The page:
A recovering Type A personality, Jan Walker has two activities that calm her down — yoga and painting.
“I love the mind-body connection” and sense of peace that comes from both, she said.
The Cambria artist acknowledges she has slowed down in the last few decades since her 30s, when she was involved in aerobics. Walker also had breast cancer 20 years ago, and has since concentrated in getting more balance in her life.
To celebrate her recovery anniversary, she’s putting energy into showing her artwork. Currently, Walker is sharing the spotlight with Sandi Heller and Richard Mortensen at the Morro Bay Art Center and is featured artist at the Cayucos Art Association’s gallery.
Known for her florals, Walker laughs about her black thumb.
“I am the world’s worst flower grower,” she acknowledged. After failed attempts at her home in the pine forest, she gave up. “The deer eat everything.”
Fortunately, her neighbors are more successful with their gardening endeavors and give her flowers, or she takes photos of their poppies and tulips as models for her paintings.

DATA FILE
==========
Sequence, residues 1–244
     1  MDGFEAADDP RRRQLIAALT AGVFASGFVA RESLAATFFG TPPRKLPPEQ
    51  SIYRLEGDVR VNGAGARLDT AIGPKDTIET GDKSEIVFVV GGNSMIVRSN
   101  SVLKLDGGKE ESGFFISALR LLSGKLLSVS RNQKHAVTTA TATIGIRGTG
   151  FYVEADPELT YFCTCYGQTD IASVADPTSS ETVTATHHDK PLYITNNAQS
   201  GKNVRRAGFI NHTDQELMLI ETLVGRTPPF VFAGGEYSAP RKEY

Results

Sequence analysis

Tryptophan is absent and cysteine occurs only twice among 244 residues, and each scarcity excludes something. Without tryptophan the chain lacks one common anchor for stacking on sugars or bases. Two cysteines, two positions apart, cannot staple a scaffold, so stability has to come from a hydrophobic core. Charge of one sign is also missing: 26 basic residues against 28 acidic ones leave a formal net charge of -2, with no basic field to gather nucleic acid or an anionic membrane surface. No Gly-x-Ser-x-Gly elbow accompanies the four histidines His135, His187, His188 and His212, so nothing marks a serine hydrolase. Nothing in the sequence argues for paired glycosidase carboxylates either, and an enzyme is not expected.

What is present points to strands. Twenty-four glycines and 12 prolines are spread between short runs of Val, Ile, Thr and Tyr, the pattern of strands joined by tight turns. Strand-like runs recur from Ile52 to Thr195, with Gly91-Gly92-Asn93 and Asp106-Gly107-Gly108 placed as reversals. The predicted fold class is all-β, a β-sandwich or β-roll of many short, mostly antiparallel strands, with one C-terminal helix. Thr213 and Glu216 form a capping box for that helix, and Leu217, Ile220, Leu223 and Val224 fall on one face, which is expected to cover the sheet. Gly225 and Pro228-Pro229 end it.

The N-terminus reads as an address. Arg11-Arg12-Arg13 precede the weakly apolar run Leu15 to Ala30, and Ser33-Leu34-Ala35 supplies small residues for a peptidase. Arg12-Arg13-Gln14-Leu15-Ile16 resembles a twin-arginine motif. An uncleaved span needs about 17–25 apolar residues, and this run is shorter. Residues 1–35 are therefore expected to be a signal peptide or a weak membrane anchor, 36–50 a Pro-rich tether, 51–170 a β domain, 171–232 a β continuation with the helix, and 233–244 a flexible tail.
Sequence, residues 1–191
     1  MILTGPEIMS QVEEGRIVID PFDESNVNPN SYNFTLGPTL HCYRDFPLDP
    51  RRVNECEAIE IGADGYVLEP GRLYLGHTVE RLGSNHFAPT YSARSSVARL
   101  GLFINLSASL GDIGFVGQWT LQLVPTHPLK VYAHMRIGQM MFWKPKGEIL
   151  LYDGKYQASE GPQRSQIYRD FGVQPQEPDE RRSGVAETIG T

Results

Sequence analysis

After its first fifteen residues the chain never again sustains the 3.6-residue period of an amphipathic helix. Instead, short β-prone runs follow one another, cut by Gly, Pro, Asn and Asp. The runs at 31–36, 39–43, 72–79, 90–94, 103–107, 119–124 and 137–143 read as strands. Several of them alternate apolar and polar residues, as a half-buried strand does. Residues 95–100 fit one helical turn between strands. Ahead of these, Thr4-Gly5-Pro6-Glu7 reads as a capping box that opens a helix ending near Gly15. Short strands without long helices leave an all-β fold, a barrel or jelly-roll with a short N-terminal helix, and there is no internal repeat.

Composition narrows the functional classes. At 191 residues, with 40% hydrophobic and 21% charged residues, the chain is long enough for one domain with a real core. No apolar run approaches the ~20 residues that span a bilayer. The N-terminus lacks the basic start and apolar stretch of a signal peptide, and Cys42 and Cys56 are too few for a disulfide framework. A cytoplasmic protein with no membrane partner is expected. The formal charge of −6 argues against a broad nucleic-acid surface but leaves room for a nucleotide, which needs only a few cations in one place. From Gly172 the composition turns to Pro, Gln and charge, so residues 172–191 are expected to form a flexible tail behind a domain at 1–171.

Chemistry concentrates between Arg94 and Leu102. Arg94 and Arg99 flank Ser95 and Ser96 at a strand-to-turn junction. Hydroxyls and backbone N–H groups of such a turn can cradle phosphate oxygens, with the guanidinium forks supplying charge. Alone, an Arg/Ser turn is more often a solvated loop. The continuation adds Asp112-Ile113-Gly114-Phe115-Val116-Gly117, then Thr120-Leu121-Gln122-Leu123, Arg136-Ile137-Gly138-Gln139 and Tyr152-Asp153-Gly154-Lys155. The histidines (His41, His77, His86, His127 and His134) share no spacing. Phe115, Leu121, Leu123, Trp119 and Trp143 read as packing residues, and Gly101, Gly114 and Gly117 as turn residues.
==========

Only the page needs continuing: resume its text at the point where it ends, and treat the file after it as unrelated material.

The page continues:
In her dual exhibits, Walker is also showing rural scenes, seascapes and still lifes, as well as cats, deer and wild horses.
“I paint when I feel like painting,” she said, adding that she sometimes gets obsessed with a particular subject.
“I kind of get passionate about a certain thing, then I drop it and go back to flowers,” Walker said.
The horses were a case in point.
After making arrangements with a ranger, Walker and her husband, photographer Ron Bianchetto, spent a full day observing two herds of wild horses at Carrizo Plain. The couple went armed with long lenses and caught the horses when they showed up for their late-afternoon alfalfa flakes.
“It was wonderful,” said Walker, who grew up on a small farm in the Midwest.
Although she hasn’t been on vacation for three years, Walker is exhibiting a painting she did on a cruise ship that traveled from St. Thomas to the Panama Canal. The friend who accompanied her took hours to get ready in the morning and didn’t want Walker to have breakfast without her. That gave Walker plenty of time to do morning sketches.
The signature member of the Central Coast Watercolor Society has had work accepted in the juried shows Aquarius and Color of Autumn. She’s also taken work-
shops with such nationally known artists as Robert Reynolds and Tom Fong of Alhambra, a former Aquarius judge. “I learned the most from him,” Walker said. “He taught me how to use the big brush.”
When immersed in her paintings, Walker said she can complete a large work in one sitting.
“I paint really fast,” she said, using the method called direct painting, where she doesn’t apply an undercoat. Transparent watercolor is her preferred media, allowing her to paint wet on wet.
“You can’t control the paint; that’s what I love about it,” Walker said. “You get these little happy accidents.”